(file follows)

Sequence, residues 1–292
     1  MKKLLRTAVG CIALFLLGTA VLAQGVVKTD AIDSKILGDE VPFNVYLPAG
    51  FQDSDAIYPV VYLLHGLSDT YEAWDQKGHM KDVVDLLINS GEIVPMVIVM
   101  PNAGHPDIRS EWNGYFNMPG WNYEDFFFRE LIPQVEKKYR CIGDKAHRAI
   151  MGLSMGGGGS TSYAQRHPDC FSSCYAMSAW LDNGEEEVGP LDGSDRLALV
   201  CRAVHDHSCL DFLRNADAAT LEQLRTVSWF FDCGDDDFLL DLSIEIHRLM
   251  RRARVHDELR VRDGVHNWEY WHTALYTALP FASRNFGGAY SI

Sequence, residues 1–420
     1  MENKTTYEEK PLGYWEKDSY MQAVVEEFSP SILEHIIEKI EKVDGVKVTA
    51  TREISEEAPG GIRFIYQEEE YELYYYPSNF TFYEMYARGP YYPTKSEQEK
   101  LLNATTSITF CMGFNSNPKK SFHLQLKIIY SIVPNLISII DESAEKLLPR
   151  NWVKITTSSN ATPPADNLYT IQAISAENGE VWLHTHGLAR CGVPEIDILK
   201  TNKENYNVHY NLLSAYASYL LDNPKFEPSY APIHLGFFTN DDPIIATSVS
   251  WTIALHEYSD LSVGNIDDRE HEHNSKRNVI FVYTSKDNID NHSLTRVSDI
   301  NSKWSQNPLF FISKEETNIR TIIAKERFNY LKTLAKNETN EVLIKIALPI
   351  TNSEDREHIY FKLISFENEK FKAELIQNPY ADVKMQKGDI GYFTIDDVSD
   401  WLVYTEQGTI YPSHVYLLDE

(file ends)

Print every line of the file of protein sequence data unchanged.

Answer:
Sequence, residues 1–292
     1  MKKLLRTAVG CIALFLLGTA VLAQGVVKTD AIDSKILGDE VPFNVYLPAG
    51  FQDSDAIYPV VYLLHGLSDT YEAWDQKGHM KDVVDLLINS GEIVPMVIVM
   101  PNAGHPDIRS EWNGYFNMPG WNYEDFFFRE LIPQVEKKYR CIGDKAHRAI
   151  MGLSMGGGGS TSYAQRHPDC FSSCYAMSAW LDNGEEEVGP LDGSDRLALV
   201  CRAVHDHSCL DFLRNADAAT LEQLRTVSWF FDCGDDDFLL DLSIEIHRLM
   251  RRARVHDELR VRDGVHNWEY WHTALYTALP FASRNFGGAY SI

Sequence, residues 1–420
     1  MENKTTYEEK PLGYWEKDSY MQAVVEEFSP SILEHIIEKI EKVDGVKVTA
    51  TREISEEAPG GIRFIYQEEE YELYYYPSNF TFYEMYARGP YYPTKSEQEK
   101  LLNATTSITF CMGFNSNPKK SFHLQLKIIY SIVPNLISII DESAEKLLPR
   151  NWVKITTSSN ATPPADNLYT IQAISAENGE VWLHTHGLAR CGVPEIDILK
   201  TNKENYNVHY NLLSAYASYL LDNPKFEPSY APIHLGFFTN DDPIIATSVS
   251  WTIALHEYSD LSVGNIDDRE HEHNSKRNVI FVYTSKDNID NHSLTRVSDI
   301  NSKWSQNPLF FISKEETNIR TIIAKERFNY LKTLAKNETN EVLIKIALPI
   351  TNSEDREHIY FKLISFENEK FKAELIQNPY ADVKMQKGDI GYFTIDDVSD
   401  WLVYTEQGTI YPSHVYLLDE